Introduction
Dolbear's Law states the relationship between the air temperature and the rate at which Snowy Tree Crickets chirp.Â
CricketÂ Â |
A.E.Dolbear |
For many years people have recognized a relationship between the temperature and the rate at which crickets are chirping. The method of determining the temperature in degrees Fahrenheit is to count the number of chirps in a minute and divide by 4, and then add 40. In 1898, A. E. Dolbear noted that "crickets in a field [chirp] synchronously, keeping time as if led by the wand of a conductor. He appears to be the first person to write down a formula in a scientific publication, giving a linear relationship for the temperature based on the chirp rate of crickets. The mathematical formula that he gave is:
Equation of a line is given by the equation as
is known as slope intercept form of the line. The variable is the independent variable and is the dependent variable. is the slope and is the interceptThe cricket equation given above can be written
As written above, the independent variable is which is number of chirps per minute. The temperature,, is the dependent variable. The slope is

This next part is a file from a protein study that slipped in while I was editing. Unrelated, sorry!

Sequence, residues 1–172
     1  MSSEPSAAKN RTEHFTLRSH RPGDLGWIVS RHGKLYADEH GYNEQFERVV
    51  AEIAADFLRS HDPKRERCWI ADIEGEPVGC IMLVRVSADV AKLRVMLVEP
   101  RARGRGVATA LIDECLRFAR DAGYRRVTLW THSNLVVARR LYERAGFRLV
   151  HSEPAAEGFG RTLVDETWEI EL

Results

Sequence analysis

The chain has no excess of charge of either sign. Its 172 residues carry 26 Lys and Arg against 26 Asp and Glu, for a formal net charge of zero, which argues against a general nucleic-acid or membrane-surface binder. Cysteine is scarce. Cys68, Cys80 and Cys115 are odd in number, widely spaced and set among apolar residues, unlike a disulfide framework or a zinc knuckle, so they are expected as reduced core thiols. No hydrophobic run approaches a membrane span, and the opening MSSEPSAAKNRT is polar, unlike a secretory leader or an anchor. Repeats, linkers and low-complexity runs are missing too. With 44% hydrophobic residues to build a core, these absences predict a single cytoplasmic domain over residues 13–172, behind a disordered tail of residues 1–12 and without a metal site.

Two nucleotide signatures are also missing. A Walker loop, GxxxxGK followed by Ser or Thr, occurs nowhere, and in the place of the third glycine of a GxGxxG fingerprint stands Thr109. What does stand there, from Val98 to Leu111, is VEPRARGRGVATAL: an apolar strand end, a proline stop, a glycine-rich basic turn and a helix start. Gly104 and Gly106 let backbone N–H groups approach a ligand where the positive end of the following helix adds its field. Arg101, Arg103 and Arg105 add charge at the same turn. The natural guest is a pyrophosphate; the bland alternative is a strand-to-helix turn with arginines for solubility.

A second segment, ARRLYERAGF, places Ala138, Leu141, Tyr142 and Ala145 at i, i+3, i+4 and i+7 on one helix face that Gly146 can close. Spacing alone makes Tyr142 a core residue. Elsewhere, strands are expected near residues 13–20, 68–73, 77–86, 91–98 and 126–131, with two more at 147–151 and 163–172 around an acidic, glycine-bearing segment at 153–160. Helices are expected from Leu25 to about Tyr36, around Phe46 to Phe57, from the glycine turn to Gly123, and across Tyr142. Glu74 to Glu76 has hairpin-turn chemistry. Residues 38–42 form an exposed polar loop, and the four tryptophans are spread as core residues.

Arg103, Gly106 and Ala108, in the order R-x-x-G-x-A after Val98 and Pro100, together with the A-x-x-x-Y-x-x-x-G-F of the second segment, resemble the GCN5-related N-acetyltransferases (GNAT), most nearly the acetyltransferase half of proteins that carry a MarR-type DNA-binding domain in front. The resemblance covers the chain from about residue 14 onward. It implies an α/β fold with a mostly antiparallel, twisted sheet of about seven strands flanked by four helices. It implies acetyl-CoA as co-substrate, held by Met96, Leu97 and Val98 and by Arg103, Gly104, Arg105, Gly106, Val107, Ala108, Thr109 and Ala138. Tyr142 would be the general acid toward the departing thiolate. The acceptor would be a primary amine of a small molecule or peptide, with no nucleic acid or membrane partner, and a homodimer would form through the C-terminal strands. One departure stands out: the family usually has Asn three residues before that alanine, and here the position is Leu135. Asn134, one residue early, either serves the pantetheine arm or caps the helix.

, and the intercept is 40.Equations are used in many areas to model the world around us. A biologist will use them to get an idea of how a population of animals might change over time. An economist or financial adviser will use them to predict the economy or the future profits of a company. An engineer will use them to work out the exact proportions of a building, like a bridge or a sky scraper, and how much and what kind of materials to use.
In short, equations are a fact of life for many people, and to be able to work with them you need to start with the simplest ones â€“ the linear equations.
A linear equation is an algebraic equation in which each term is either a constant or the product of a constant time the first power of a variable. Such an equation is equivalent to equating a first-degree polynomial to zero. These equations are called "linear" because they represent straight lines in Cartesian coordinates.